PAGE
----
Providing addiction support for your loved one in recovery can be challenging at times for a family. It can be difficult to know how to offer your time and help. Every individual’s recovery process is unique, so it is important to navigate your loved one’s process the same. Addict family support is a topic that generates much discussion here at Bridging the Gaps.
A recent news story highlighted the important role that family plays in their loved one’s recovery. Patrick, a long-term heroin user struggled the majority of his life with addiction and time in and out of jail.
Patrick’s mother Sandy, Father Dennis, and Sister Betsy played a significant role as Patrick’s support system. They all played a role in trying to get him the help that he needed.
Patrick and his family’s story were documented over a year’s time, and much has changed for their entire family since. Since overdosing 4 times in the timespan of 6 hours, this single event 1 year ago would change the course of Patrick and his family’s lives for time to come.
The thing about Patrick’s story is that it is not uncommon. The crippling fear, which is paralyzing at times, was experienced by his family as with many other families with recovering addicts.
Addiction is a widespread disease, affecting the addict as well as their families and friends. To support long-term sobriety and one’s recovery journey, family engagement is important. Research supports family involvement in the recovery process with guided communal and clinical support.
As a starting place, giving support to your loved one in recovery is also about becoming more informed. Being informed about the disease of addiction is a good starting point for families.
The better educated you are about the disease and your family member’s issues they are facing; the better you’ll be able to support their overall recovery. Education is the foundation of addict family support.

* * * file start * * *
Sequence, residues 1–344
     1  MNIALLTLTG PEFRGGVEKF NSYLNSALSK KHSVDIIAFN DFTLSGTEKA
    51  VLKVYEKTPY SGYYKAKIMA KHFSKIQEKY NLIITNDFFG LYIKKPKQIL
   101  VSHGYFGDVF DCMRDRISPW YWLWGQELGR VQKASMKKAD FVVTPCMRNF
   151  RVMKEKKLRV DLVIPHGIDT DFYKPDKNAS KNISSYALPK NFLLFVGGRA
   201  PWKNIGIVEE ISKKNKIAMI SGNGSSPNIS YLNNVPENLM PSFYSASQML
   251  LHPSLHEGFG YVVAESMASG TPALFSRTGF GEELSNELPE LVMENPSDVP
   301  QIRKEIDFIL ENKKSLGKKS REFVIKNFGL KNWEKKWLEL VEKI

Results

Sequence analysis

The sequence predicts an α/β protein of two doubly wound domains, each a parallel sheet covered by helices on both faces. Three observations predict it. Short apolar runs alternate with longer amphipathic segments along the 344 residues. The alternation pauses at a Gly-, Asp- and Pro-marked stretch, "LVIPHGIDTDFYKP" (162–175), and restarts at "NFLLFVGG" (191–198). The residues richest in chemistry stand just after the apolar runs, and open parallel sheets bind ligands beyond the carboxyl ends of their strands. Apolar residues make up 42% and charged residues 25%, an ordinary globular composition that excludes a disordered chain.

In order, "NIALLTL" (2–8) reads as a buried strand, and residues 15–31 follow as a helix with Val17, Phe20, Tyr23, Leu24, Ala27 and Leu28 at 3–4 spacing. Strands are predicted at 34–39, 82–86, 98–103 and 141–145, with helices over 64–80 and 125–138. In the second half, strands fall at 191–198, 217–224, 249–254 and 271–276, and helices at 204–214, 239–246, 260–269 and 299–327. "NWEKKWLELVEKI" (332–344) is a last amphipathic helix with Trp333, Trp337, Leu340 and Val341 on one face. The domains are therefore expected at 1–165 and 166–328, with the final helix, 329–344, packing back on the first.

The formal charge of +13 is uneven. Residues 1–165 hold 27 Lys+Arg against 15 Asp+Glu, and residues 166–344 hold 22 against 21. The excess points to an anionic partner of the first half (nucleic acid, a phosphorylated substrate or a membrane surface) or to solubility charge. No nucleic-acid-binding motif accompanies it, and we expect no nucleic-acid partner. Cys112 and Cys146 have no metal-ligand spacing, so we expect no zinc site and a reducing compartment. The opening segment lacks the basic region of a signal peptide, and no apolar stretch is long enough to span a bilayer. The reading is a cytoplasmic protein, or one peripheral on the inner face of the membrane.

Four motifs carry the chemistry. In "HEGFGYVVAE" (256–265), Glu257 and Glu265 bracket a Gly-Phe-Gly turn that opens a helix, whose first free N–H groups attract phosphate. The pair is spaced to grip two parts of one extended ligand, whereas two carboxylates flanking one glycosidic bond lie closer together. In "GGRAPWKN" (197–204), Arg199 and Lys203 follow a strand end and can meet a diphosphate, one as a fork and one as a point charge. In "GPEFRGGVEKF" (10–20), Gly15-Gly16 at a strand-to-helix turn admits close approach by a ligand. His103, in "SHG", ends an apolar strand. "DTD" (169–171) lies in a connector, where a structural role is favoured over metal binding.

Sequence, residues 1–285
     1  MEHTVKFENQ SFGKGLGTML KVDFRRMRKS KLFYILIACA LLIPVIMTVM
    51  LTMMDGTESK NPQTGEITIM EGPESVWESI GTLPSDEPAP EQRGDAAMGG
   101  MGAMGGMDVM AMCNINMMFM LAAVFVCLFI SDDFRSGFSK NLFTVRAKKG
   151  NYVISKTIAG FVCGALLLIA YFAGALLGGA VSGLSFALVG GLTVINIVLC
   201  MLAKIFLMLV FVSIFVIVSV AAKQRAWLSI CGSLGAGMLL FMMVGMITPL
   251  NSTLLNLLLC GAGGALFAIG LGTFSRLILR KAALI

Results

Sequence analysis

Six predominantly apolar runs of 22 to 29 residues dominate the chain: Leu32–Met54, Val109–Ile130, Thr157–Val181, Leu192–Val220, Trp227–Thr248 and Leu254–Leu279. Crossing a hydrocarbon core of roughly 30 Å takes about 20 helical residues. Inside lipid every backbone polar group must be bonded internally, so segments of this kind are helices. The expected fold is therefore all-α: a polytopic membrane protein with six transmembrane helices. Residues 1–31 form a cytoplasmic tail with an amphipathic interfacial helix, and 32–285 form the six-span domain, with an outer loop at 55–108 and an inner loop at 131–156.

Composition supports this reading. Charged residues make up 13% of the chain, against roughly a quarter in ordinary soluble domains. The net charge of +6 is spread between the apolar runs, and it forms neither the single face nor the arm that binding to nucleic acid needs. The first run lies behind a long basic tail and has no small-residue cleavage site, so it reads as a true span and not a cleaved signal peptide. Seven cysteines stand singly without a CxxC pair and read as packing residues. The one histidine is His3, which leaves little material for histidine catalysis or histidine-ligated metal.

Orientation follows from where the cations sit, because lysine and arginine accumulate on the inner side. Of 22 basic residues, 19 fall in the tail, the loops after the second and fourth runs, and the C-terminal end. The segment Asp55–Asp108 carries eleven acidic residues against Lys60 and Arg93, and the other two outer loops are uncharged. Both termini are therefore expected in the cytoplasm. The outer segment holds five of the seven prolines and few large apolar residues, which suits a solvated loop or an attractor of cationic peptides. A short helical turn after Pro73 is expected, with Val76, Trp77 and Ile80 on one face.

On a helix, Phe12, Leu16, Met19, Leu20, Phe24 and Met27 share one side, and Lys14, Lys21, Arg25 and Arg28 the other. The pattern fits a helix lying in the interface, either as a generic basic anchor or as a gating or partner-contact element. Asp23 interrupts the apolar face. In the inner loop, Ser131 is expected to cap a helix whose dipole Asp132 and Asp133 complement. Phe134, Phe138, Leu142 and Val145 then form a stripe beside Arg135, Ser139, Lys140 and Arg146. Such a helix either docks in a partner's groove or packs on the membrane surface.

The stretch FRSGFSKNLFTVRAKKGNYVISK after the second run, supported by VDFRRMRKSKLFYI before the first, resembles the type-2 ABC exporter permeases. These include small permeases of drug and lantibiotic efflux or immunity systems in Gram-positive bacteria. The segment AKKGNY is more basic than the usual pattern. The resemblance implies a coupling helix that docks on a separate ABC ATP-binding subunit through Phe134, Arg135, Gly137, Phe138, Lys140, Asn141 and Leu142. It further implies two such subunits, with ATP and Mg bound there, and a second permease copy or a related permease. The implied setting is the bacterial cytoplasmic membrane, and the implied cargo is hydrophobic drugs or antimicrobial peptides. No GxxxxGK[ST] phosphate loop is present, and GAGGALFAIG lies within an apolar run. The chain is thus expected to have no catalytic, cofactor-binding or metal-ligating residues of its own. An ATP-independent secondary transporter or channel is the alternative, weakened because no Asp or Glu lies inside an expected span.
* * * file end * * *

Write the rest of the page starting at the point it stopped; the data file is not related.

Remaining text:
Make it clear that you want to help. Simply saying that you are here to help with whatever it is they need, initiates an important conversation piece.
If your loved one is receptive of the idea, discuss the ways in which you’d be able to assist them best.
You may be able to help out in the beginning with transportation to appointments. You may also offer a supportive shoulder to lean on in difficult times.
Whatever it may be, make yourself available and keep your commitments.
Know that your willingness may not always be asked for or well received. It is however important that you start by making an effort to relay your commitment to at least try.
The disease of addiction often times takes front stage, however, it is important to not overlook the person with the disease.
While it is important to give proper acknowledgement to the disease, we must not allow the disease to define who we know our loved one to be.
The disease will always be there. More importantly, it is about acquiring the tools to manage it.
Structured Family Recovery® is a program for families of recovery addicts. This program provides tools to help families cope, feel supported, and better navigate life with a recovering loved one.
Structured Family and Recovery® also supports a cohesive-environment in which families work to improve their communication and support of one another.
We at Bridging the Gaps strongly feel that families play a key role for their loved ones throughout recovery.
Our Family programming follows the Structured Family Recovery® guidelines at and includes: educational sessions, group family sessions, and conjoint therapeutic sessions. This programming focuses on meeting individual needs while allowing positive movement forward to take the next steps.
Al-Anon is also a resource BTG encourages that provides a supportive community for families and friends of addicts.
This program does not focus on a solution, rather encourages hope and fosters growth.
Patrick and his family continue to work on their relationships and recovery.
His parents and sisters have found ways to support their own self-care so that are in better shape to help support Patrick as his journey continues. Patrick’s mother found support in an Al-Anon group, as well as in support groups for families of addicts.
So if you have a loved one or a friend in recovery, there is hope and help out there for you. Addict family support does work!
Contact Bridging the Gaps today to speak with a representative about our Family Program.